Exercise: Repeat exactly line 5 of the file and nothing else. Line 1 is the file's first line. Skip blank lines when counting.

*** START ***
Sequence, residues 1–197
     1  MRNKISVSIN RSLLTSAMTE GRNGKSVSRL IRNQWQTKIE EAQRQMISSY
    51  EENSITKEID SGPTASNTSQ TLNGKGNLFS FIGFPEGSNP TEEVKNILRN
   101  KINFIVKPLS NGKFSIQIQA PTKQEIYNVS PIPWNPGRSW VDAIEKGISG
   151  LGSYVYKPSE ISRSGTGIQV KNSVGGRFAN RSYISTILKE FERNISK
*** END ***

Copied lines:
   151  LGSYVYKPSE ISRSGTGIQV KNSVGGRFAN RSYISTILKE FERNISK